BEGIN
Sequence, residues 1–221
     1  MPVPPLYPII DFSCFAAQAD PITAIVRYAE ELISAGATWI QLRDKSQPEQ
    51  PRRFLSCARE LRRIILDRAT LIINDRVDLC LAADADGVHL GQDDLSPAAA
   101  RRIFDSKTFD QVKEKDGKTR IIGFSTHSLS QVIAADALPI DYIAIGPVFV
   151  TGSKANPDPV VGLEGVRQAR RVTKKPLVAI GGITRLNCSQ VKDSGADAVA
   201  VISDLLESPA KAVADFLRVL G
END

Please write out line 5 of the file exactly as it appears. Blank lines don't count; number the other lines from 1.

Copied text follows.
   151  TGSKANPDPV VGLEGVRQAR RVTKKPLVAI GGITRLNCSQ VKDSGADAVA